Monday, October 17th Luncheon Meeting Homepage

October Meeting: Ultra Clean Hydrogen From Biomass to Generate Combined Heat and Power using Fuel Cells
Pasted Graphic 1 Pasted Graphic 2
Sources: Fuel Cell - IRTT. Chart, Combined Heat & Power as Percent of Power Production, - Recycled Energy Development.

: Monday, October 17th, 11:30 am - 2:00 pm

Where: Stony Brook University, Old Engineering Building, Room 231 or 232 (Note: Also, refered to as Engineering Building) Info

Speaker: Dr. Hazem Tawfik, Director of the Institute of Research and Technology Transfer (IRTT) at Farmingdale State College - State University of New York

Dr. Tawfik is a P.E. and a Certified Manufacturing Engineer. He is also SUNY Distinguished Service Professor at Farmingdale State College. In addition, he is a Guest Scientist at Brookhaven National Laboratory, and an Adjunct Professor in the Materials Science and Engineering Dept. at Stony Brook University.

Topic: The Production of Ultra Pure Hydrogen from Biomass to Power Fuel Cells For the Generation of Combined Heat and Power

Abstract: (Co-authors: S. Charumaneeroj, A. Periera, D. Weinman, and D. Mahajan)

Biomass has an excellent potential for economic viability as a renewable source of energy that can produce ultra clean hydrogen to power fuel cells and produce combined heat and electric power (CHP). Accordingly, considerable attention is given to coupling both biomass and fuel cell systems.

It is known that very small amount of the carbon monoxide (CO) present in the synthesis gas (syngas) that is produced from biomass will be detrimental to the membranes used in the hydrogen purifier as well as to the catalyst of the proton exchange membrane (PEM) used in the fuel cells. The objective of this project is to produce hydrogen with 99.9999% purity (CO < 10 ppm) for utilization in a PEM fuel cells.

Syngas from the gasifier is first processed using the water-gas-shift (WGS) reaction to reduce CO to a lower concentration levels. WGS uses specific catalysts with water to reduce CO while an equivalent amount of moles of hydrogen is additionally produced.

The current program consists of two projects focusing on CO removal. The goal of the first project is to reduce CO to < 4-6% in the WGS exit stream, while the second project aimed to reduce CO in the exit stream to < 10 ppm using a palladium-membrane purifier. Two small scale WGS reactors with copper zinc oxide as a catalyst were used -- namely packed bed and fluidized bed (suspend the catalyst in Ethylflo-164 oil) reactors. They were able to reduce CO from 34% to levels of 12% and 3.4%, respectively, at 225°C.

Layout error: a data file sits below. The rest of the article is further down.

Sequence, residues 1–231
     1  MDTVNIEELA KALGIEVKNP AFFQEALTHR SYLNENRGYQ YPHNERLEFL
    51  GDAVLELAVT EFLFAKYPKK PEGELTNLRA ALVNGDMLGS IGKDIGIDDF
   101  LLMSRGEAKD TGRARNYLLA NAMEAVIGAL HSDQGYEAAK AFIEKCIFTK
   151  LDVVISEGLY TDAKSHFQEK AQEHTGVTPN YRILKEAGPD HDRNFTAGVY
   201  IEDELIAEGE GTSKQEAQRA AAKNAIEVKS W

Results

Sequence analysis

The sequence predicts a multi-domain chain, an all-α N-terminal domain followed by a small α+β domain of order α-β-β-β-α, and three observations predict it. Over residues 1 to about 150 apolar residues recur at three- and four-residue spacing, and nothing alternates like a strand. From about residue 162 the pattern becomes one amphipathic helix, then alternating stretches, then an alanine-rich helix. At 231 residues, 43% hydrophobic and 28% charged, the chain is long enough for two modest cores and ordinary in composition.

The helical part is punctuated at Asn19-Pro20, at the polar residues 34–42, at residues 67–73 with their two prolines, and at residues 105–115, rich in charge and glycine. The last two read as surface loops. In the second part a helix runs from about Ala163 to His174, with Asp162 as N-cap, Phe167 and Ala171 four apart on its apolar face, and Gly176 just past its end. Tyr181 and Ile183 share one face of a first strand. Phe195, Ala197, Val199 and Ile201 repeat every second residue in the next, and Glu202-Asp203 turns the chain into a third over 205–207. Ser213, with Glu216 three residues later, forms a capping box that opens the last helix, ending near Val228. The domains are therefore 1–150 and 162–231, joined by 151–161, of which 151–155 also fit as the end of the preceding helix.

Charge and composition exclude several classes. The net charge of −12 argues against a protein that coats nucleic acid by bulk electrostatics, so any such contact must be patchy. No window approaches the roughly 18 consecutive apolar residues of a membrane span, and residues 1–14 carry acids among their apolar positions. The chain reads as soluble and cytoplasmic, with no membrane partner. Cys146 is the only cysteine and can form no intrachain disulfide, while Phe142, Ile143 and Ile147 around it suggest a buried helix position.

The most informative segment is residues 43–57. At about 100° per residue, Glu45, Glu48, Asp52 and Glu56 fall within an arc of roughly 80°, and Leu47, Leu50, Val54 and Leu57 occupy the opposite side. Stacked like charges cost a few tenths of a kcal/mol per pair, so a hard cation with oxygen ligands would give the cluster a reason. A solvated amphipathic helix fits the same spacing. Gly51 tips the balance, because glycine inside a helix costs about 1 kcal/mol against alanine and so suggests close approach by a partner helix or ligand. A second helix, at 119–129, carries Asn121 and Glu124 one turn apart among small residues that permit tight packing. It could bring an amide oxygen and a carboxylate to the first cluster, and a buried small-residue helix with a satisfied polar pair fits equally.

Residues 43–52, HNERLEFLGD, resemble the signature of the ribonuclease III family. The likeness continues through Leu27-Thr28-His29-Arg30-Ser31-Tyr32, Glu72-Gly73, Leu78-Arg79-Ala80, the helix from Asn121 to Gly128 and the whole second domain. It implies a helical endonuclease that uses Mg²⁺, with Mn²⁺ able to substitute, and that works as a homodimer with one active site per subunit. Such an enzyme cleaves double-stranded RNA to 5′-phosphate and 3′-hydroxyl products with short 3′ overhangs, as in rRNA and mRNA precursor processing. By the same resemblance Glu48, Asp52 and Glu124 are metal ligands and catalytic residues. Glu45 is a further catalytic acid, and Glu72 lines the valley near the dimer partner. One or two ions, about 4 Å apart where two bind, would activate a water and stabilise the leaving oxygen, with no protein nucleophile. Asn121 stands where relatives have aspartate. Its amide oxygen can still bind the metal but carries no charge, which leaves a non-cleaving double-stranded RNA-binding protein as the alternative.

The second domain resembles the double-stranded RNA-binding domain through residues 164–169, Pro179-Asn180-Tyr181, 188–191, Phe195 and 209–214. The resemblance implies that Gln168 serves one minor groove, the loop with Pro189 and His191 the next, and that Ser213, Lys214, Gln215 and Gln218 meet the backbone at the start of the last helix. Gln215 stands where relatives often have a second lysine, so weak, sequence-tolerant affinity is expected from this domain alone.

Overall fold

This work was complemented by the evaluation of hydrogen-separation capability of a palladium membrane system from syngas that consists of a number of gases. A simulated syngas composed of 6% CO and 94% hydrogen was selected as a feed to the membrane with a goal to reduce CO to < 10 ppm. The reaction parameters tested included operation temperature, feed pressure, and the vent flow rate of pure hydrogen. The results showed that the optimal hydrogen flux conditions occurred when the palladium membrane was operated at 300°C, using a feed pressure of 80 psig and a vent flow rate of 150 ml/min. Gas chromatography was used to determine the purity of the simulated feed and exiting gas that establish the effectiveness of the palladium membrane. Repeated results showed that when CO concentration was measured to read 15%, upstream the membrane in the vent purge flow, an absence of CO or (CO < 10 ppm) was noted downstream from the membrane.

The reproducibility of these results suggests that a scaled-up system can be effectively designed for hydrogen to power PEM fuel cells, which can be used in multiple applications for military and civilian purposes.

Pasted Graphic 1 Bio: Dr. Hazem Tawfik obtained his Ph.D. in Mechanical Engineering from University of Waterloo (Waterloo, ON, Canada) in 1980. Since then he has held a number of industrial and academic positions. These include Brookhaven National Laboratory, Rensselaer Polytechnic Institute, Stony Brook University, Massachusetts Institute of Technology, Atomic Energy of Canada, Ontario Hydro, the NASA Kennedy and NASA Marshall Space Flight Centers, and the U.S. Naval Surface Warfare Center.

Dr. Tawfik is the author of more than 55 research papers, published in peer-reviewed journals, and conference symposiums. He holds numerous research awards and shares the rights to four patents in the Polymer Electrolyte Membrane (PEM) fuel cells area. Currently, Dr. Tawfik is a SUNY Distinguished Service Professor and the Director of the Institute for Research and Technology Transfer at Farmingdale State College of SUNY.

Costs: Free, but you must pre-register before Thursday, October 13th, 4 pm. After that deadline, $25; $30 at the door.

Reserve Now:
Please reserve by Thursday, October 13th (4 pm). RSVP: or call 917-684-1659 to reserve.